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Ending child poverty community meeting held

Debbie RolenStaff Writer

January 25, 2013

A community meeting to address issues associated with child poverty was held on Jan. 23. There were more than 40 attendees from Boone, Logan, McDowell, and Mingo Counties.


The top ten issues were identified by diverse groups guided by agencies and partners involved in an initiative called Our Children, Our Future: Campaign to End Child Poverty. Six months of extensive research and about 300 community meetings went into putting together a platform of issues. The list was narrowed down from 94 to 17, then to the top 10.


Now the issues are back in the hands of people in the communities for action and presentation at the Kids and Families day at the Capitol on February 26 and Regional Forums during the spring legislative session.


Three teams were formed at the meeting: Logan/Boone, Mingo, and McDowell. The teams will focus on one or more of the top five issues: health care for working families; family violence prevention; child care cuts; healthy foods in schools and bi-partisan prison reform to save money. The teams have set about working on regional spring forum dates and locations.


Stephen Smith, Executive Director, W. Va. Healthy Kids and Families Coalition, detailed the top five issues:


1. Health care for more working families. A Medicaid expansion to include working families with an annual income of $10,000 to $30,000, would affect 100,000 to 130,000 families. The resulting benefits may include families being lifted out of poverty, allow them to keep working, free up resources for food, child care, rent and other basic necessities. The state would only pay ten percent of the federally funded program.


2. Protect family violence prevention. Experts have established links between poverty and an increase in domestic violence and child maltreatment. Funding for programs to prevent family violence must be protected and increased to continue efforts including the Children’s Trust Fund, Child Advocacy Centers and Domestic Violence Programs.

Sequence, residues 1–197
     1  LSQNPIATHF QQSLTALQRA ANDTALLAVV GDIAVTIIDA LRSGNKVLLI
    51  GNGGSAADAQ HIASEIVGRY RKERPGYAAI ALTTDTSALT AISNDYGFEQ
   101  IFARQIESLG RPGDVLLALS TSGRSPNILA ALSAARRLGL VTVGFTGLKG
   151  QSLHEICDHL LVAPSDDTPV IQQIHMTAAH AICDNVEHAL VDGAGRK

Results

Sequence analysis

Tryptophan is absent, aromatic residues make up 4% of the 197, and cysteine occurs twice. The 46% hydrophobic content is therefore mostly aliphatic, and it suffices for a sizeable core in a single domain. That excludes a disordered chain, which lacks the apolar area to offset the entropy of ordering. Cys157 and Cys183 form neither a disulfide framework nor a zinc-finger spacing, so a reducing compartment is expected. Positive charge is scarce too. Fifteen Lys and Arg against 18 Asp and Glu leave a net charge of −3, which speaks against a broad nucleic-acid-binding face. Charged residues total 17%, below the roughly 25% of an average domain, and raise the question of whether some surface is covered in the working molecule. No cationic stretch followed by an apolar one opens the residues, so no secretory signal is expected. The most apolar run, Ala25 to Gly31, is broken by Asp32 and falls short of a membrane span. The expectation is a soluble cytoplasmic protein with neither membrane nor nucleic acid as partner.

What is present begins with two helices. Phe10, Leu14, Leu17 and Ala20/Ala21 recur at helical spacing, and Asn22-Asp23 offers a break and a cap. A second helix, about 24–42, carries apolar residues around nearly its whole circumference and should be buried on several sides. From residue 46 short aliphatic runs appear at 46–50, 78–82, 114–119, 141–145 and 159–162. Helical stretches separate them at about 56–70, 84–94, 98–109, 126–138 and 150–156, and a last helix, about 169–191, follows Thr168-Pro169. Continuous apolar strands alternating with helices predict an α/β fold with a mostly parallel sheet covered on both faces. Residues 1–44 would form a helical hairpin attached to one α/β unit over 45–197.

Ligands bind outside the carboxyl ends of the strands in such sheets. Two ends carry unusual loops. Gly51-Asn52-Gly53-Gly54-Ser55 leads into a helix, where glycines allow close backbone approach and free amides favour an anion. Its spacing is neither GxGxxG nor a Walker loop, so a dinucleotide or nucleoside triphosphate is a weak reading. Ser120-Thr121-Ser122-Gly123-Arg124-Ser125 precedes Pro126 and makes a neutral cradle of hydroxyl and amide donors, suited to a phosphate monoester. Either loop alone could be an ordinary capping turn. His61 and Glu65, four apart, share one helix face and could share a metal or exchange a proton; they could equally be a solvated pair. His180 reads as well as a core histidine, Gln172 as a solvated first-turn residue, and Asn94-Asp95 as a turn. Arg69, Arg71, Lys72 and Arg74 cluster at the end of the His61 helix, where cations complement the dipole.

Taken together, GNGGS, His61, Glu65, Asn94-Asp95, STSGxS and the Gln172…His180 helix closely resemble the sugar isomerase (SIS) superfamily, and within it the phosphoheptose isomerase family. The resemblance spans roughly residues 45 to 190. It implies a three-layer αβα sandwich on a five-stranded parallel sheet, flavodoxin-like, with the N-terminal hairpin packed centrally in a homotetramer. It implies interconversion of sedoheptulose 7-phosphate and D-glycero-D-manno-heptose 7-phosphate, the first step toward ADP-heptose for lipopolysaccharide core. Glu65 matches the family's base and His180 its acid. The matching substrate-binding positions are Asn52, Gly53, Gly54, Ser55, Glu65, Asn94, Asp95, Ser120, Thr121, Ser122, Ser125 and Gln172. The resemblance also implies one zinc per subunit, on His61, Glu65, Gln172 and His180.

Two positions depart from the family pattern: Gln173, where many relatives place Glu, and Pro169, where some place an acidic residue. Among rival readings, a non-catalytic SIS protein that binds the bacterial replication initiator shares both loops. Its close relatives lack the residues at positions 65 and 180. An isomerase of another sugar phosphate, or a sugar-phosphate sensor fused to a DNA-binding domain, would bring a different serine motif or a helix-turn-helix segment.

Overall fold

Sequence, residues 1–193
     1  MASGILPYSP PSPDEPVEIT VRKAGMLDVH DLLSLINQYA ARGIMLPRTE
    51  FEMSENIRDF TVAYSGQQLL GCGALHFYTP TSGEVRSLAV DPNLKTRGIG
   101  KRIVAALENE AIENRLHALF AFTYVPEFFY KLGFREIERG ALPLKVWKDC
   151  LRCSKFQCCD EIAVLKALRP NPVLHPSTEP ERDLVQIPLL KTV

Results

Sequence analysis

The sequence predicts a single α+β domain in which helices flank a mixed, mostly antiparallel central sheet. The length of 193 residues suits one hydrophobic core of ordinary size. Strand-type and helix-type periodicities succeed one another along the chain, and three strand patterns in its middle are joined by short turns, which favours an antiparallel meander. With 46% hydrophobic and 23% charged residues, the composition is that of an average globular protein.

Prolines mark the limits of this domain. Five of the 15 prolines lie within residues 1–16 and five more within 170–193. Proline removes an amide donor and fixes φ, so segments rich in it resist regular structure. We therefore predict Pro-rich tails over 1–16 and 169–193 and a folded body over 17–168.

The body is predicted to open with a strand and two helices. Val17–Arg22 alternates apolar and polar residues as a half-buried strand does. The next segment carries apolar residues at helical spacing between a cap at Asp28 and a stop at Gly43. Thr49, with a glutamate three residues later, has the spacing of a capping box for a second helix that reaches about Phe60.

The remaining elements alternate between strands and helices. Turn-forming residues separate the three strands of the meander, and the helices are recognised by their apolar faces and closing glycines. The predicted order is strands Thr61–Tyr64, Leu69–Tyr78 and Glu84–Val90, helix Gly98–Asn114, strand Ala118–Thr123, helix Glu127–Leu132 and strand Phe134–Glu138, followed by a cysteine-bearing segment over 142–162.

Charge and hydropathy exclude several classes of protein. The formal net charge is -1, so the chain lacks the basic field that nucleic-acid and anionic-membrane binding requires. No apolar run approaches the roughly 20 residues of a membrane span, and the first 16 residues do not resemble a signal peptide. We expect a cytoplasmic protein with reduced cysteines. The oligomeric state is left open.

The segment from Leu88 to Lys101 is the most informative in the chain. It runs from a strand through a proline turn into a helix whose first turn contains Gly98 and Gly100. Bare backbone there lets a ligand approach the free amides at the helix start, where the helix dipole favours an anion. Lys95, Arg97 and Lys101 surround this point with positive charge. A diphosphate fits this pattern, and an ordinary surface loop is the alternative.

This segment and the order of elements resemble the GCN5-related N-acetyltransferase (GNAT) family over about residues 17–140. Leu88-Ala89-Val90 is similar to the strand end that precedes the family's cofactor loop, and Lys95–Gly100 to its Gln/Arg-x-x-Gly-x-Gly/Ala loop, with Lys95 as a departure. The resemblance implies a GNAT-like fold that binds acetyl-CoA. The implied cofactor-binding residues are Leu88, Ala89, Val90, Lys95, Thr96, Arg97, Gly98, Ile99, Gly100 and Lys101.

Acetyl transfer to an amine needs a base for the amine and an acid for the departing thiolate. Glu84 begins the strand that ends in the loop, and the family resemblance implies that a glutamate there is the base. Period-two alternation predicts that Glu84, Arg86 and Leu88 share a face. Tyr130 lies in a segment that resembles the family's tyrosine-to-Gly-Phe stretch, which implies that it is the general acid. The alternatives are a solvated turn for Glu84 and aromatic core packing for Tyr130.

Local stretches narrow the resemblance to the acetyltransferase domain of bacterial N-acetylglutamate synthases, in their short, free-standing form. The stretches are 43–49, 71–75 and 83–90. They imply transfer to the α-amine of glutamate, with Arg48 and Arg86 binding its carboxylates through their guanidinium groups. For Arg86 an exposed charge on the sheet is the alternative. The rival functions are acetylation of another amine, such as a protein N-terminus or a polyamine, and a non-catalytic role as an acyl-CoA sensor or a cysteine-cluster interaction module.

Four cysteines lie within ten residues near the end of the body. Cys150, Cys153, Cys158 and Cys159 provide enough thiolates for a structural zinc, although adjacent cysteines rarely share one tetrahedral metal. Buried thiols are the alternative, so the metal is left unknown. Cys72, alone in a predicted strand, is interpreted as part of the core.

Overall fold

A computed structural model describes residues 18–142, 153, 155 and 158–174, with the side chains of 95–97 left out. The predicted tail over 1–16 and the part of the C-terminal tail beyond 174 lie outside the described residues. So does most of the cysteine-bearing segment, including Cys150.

3. Stop child care cuts and protect child care benefits for working families earning up to 185% of the poverty line. Without funding to subsidize child care about 1,400 struggling families may have to decide whether to quit work or school and take care of their children or get sub-standard child care from well-intentioned but unqualified help.


4. Healthy foods in your school. Obesity and poor health may hurt or hinder life chances. Expanding healthy food programs in schools and passing legislation restricting soft drinks will improve health and help children be more productive in school.


5. Bi-partisan prison reform and legislation addressing prison overcrowding and overspending may help a parent break the cycle of crime and help his children avoid the same fate. Incarcerations have tripled in one generation, most of those incarcerated are parents, and it costs about $27,000 a year to incarcerate an adult—about five times the cost to provide top-notch child care for a child in need. A bi-partisan commission has developed a plan to reduce incarceration by implementing tested, cost-saving policies to reduce backsliding and increase public safety.


Appalachian Center for Equality (ACE) Program Director Lida Shepherd says, “It’s not too late to get involved as we plan our local child poverty forums—inviting legislators, empowering families affected by poverty to speak, engaging youth, and creating a cross coalition base of support.”


For more information, or to get involved, email ssmith@wvhealthykids.org or lshepherd@afcs.org .